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Moon Language

By Catherine Arveseth

I’m in the mood for some poetry. You? Let’s try Hafiz. A persian poet who left an impression on some of the greatest Western writers like Thoreau, Geothe, and Emerson. This particular poem was translated by Daniel Ladinsky.



Admit something:

Everyone you see, you say to them, “Love me.”

Of course you do not do this out loud; Otherwise, someone would call the cops.

 Still though, think about this, this great pull in us to connect.

 Why not become the one who lives with a full moon in each eye that is always saying, with that sweet moon language, what every other eye in this world is dying to hear?

That sweet moon language that we’re all dying to hear? Now, come on. This is embarrassing. No one wants to hear that we’re all desperate to be loved. Do they?

My husband and I celebrated 15 years of marriage over the weekend. And maybe we dare not admit it, but I think Hafiz is right. There is, in us, this gigantic pull, to connect. Below words, below skin, beyond the neon embers of romance. We just want to be loved. For who we are, frailties included.

What we are longing for, I believe, is godly love. Because we have known it before. We have felt its sweetness and non-judgement, its absoluteness. That is the thing we want most. So what does God say? Give it away. Give others the very thing you are looking for.

He is so wise.  Self-love doesn’t work. Have you noticed that? Efforts to “love ourselves” are well and good; of course we need to pay attention to our inner needs, take care of our health, and our spirit. But self-love doesn’t fix things. Doesn’t really succeed.

It is love that vaunteth not itself, seeketh not its own, beareth all things, and endureth all things (I Corinthians 13: 4-7) that makes the world right, makes relationships work, changes us, fixes us.

The moon always speaks to me. She reminds me who I am and that love is  God’s to give. It is his gift, his characteristic. And it moves through us when we ask for it.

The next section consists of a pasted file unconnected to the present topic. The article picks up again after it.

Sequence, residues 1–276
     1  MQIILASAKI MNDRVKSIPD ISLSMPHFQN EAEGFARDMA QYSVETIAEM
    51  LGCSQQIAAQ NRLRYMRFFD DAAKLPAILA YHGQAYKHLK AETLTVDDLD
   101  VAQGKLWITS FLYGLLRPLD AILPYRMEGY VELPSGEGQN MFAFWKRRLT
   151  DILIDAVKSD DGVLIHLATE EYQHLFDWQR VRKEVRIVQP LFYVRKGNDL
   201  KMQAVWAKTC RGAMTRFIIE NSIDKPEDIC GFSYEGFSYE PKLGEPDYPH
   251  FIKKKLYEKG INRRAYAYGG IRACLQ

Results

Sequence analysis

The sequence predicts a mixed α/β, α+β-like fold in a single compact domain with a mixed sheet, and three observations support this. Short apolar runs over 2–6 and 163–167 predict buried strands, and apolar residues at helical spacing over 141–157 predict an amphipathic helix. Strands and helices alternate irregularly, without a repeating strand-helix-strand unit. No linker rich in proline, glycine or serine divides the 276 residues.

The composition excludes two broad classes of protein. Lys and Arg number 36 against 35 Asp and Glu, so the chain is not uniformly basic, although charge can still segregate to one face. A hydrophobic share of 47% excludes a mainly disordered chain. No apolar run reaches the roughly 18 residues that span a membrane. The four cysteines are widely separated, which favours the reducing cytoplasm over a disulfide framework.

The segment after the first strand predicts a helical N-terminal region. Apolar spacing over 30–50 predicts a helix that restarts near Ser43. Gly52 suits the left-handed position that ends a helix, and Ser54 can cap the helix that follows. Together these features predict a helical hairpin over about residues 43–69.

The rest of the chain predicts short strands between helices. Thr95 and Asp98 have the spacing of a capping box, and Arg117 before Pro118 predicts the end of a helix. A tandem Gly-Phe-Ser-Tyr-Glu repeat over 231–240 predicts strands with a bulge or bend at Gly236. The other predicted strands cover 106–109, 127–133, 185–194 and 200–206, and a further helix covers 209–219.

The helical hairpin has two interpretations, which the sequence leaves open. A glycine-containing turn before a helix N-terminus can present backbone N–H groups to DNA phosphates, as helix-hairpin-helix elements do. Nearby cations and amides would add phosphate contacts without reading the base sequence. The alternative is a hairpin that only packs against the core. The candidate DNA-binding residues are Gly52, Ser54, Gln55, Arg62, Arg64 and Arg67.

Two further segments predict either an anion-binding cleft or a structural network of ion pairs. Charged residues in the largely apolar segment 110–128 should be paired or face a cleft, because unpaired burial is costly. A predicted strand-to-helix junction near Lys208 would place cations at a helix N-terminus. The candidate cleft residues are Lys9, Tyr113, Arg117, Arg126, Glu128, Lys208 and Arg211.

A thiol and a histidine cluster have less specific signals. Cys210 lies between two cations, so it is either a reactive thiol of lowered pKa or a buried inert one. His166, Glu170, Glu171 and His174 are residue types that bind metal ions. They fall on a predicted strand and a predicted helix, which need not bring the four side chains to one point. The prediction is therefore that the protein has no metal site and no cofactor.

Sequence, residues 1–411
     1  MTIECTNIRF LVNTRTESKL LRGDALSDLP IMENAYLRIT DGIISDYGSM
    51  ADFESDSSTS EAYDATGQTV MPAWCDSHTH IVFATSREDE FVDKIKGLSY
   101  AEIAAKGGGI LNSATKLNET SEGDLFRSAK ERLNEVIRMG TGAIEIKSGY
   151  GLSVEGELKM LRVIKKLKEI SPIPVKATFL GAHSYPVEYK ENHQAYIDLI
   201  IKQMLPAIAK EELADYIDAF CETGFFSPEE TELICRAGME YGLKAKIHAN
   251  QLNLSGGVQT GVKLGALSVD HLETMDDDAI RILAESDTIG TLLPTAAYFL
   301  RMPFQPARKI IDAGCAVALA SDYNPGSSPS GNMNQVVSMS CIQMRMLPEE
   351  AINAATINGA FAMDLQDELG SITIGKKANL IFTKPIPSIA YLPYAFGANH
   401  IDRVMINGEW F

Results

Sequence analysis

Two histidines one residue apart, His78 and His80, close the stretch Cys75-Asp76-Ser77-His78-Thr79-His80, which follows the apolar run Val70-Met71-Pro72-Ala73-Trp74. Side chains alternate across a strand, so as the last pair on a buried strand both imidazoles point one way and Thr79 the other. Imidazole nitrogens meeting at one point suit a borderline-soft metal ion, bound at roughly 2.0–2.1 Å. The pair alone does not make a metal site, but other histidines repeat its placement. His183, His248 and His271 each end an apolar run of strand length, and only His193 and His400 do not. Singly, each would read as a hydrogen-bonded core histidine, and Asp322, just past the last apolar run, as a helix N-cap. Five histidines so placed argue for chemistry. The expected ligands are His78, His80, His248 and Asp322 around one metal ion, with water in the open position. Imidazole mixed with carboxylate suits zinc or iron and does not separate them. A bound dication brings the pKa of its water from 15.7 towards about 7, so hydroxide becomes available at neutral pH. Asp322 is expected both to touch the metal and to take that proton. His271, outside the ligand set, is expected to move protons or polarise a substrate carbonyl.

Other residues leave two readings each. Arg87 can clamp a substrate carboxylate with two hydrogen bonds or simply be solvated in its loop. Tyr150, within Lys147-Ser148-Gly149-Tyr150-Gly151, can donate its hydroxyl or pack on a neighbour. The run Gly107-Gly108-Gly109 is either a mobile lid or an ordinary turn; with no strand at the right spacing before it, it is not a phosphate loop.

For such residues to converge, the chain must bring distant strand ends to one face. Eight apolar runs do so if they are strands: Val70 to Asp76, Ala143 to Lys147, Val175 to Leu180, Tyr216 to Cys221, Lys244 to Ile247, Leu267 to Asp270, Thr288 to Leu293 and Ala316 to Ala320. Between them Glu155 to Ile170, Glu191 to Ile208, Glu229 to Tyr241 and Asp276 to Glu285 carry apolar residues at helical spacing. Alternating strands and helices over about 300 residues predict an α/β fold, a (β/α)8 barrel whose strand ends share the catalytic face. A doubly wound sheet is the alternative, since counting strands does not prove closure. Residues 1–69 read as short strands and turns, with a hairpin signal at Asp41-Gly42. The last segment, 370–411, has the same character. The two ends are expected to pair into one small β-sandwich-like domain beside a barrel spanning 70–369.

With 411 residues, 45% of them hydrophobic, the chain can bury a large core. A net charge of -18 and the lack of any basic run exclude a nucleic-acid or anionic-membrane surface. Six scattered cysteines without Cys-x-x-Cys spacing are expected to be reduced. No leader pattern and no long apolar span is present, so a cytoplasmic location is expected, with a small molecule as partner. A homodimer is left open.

So, would you like to join me for an experiment today? Let’s try and meet others with Hafiz’ bright orbs in our eyes. Full moons that speak that sweet language of acceptance, not criticism. So we can say what the people in our lives are aching to hear.

How do you interpret Hafiz’s poem? What  language is he talking about? What keeps us from gifting this kind of love?

About Catherine Arveseth

Catherine Arveseth is mother to five children, including two sets of twins. She is an exercise physiologist by profession, writer by passion, loves hiking with her family, oatmeal chocolate chip cookies, and the edge of an ocean. She and her husband, Doug, began their family in Virginia but now live in Salt Lake City, Utah. She blogs at wildnprecious.com.

8 thoughts on “Moon Language”

  1. If I lived in a time, with a people, that worshipped either the sun or the moon, I would be with the moon crowd. I imagine that the moon is more sentimental about its life than the sun. It's more tender, almost erotic, and the sun is overwhelming: you can't look at it, but you can bask in its warmth. The moon language might reflect this.

  2. That is beautiful Lauren. I'm with you. In the moon crowd. I hadn't applied the physics of light here, but you are exactly right. Unlike the sun, you can look the moon straight in the face. It is soft and kind. As we should be. Thank you!

  3. my whole life i feel like i've walked around speaking moon language and feeling like no one got me and in fact fled the other way. but every blue moon i meet someone else who does, and those are the happiest moments.

  4. I don't know if I've ever heard this point made in church, but it's interesting to me that Matthew 5:48, the scripture that makes us cringe about being commanded to be perfect as our Father in Heaven is perfect, follows the "litmus test of love" verses, loving those who hate you and persecute you.
    Perhaps the Savior is giving us the path to being able to love perfectly and completely as Father does. The ultimate in "loving others". Perhaps there is no other way to being like Him except by finally loving as He loves. By seeing all His children through those eyes described in the poem. Only a thought.

  5. Moon language, indeed. To know we are loved warms us, lights us up from the inside no matter the distance between the lover and loved.

    I love this piece also by Hafiz:
    Even after all this time
    the sun never says
    "You owe me."
    Look what happens
    with a love like that,
    It lights the
    whole sky.

    Congratulations on your anniversary!

  6. Blue – could a blue moon be more fitting of anyone? Your rare gift to love so unconditionally is a blessing to all of us who know you. Continuing prayers your way dear friend.

    Our Nana – Ah, the discussion of perfection. You are right. Too often our definition of this is a flawed one that pushes us to excel, even compete, in things that aren't important. But loving perfectly, wholly, yes – that feels somewhat attainable, doesn't it? So appreciated your comment here.

    Kel – to never say, "you owe me" – now that kind of love would light up the sky. Beautiful. So grand. Thank you.

    Cristie – and I you. xoxo

    Sage – what better prayer ought we to offer each morning? thank you for commenting.


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